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Cameroon police, army move to block Anglophone protests

Businesses were shuttered in the regions’ main cities, Buea and Bamenda, where military helicopters circled overhead.

Picture: Wikicommons.

BUEA/BAMENDA - Cameroon deployed heavily armed police and soldiers across the central African nation’s restless English-speaking regions on Sunday to block protests called by activists including groups demanding independence, witnesses said.

The demonstrations - timed to take place on the anniversary of Anglophone Cameroon’s independence from Britain - came as a months-old movement against perceived marginalisation by the Francophone-dominated government gathered pace.

The protests, which began late last year, have become a lightning rod for opposition to President Paul Biya’s 35-year rule.

Businesses were shuttered in the regions’ main cities, Buea and Bamenda, where military helicopters circled overhead. The security deployment included troops from the Cameroonian army’s Rapid Intervention Brigade (BIR), a unit that typically fights Islamist Boko Haram militants in the country’s north.

In Buea, police and soldiers rushed to the edge of the city early on Sunday and deployed water cannons to block a group of marchers arriving from a nearby town who chanted and waved the blue and white flag of the Ambazonia separatist movement.

“I now know that the Biya regime has been raising an army all these years to fight its own people,” said one Buea resident, who asked not to be named out of fear of reprisal.

“We are simply fighting for our rights but the military, which is supposed to protect lives and property, has turned into our greatest nightmare,” she said.

Authorities banned all gatherings of more than four people, ordered bus stations, eateries and shops to shut and forbade movement between different parts of the English-speaking regions. The government also ordered Cameroon’s border with Nigeria closed for the weekend.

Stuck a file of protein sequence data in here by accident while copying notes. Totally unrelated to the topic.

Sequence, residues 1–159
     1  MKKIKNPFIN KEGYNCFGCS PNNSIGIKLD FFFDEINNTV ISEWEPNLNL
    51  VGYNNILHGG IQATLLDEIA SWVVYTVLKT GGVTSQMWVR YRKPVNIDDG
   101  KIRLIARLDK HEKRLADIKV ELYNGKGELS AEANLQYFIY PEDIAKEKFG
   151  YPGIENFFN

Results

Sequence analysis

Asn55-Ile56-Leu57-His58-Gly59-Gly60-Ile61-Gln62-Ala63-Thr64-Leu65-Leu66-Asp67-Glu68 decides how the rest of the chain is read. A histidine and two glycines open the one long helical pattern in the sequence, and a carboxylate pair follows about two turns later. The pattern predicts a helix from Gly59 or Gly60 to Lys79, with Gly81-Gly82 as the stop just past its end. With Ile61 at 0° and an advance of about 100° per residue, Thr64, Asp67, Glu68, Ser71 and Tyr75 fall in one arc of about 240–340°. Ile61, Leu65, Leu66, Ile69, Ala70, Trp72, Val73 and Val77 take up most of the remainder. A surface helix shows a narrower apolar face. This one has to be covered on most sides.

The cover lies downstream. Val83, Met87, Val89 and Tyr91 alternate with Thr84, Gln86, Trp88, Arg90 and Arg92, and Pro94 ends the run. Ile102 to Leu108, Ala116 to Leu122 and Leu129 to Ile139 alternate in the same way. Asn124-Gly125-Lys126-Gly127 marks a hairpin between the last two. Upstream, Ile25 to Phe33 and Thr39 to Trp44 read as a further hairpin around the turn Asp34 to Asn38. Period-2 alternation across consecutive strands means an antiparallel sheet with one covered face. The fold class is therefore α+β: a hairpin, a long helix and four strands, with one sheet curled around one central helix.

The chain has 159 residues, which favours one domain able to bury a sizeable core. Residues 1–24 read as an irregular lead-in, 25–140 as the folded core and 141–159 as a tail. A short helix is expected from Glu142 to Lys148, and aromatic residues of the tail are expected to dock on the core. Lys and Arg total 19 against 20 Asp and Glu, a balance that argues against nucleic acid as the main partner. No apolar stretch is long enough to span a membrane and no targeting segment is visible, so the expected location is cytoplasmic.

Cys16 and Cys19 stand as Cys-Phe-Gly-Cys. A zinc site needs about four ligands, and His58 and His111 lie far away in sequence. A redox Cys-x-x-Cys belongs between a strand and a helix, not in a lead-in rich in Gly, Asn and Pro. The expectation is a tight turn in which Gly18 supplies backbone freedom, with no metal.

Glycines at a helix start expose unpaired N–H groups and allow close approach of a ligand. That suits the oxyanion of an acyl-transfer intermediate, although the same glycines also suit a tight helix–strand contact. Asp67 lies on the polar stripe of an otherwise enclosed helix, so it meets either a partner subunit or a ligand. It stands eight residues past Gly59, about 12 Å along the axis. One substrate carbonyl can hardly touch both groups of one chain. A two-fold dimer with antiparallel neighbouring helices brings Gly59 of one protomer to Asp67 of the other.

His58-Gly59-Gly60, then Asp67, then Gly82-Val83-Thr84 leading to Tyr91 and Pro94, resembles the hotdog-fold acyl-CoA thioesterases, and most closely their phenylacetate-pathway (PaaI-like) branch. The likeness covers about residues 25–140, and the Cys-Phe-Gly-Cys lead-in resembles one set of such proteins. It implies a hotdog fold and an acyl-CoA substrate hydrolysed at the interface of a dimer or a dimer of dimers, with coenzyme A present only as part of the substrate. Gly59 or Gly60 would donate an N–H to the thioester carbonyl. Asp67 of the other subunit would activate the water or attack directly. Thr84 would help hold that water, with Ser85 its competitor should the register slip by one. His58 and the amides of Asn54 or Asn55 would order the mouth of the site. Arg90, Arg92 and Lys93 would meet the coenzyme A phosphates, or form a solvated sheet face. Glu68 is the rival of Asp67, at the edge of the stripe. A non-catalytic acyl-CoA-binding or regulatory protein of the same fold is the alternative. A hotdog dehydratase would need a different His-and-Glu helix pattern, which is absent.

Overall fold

Communications Minister Issa Tchiroma Bakary on Sunday threatened to shut any media organisations that gave a voice to separatist groups.

“The media must not encourage those who advocate division, who want to destroy and destabilise our country,” he told Reuters.

Police were positioned on rooftops and at key crossroads in Bamenda. Few residents emerged from their homes.

Major protests appeared to have been prevented there, but dozens of young men gathered in one street, whistling, brandishing improvised secessionist flags, and waving tree branches.

A military helicopter twice flew over the crowd, attempting to disperse them.

“We won’t use violence unless there is major cause. There are numerous risks, even terrorist risks. We’re keeping calm,” a security source, who declined to be named because he was not authorised to speak to journalists, told Reuters.

An improvised bomb wounded three policemen in Bamenda last week in what the regional governor called “a terrorist attack” and which a senior security source blamed on separatists.

Cameroon’s divide has its roots in the end of World War One, when the League of Nations divided the former German colony of Kamerun between the allied French and British victors.

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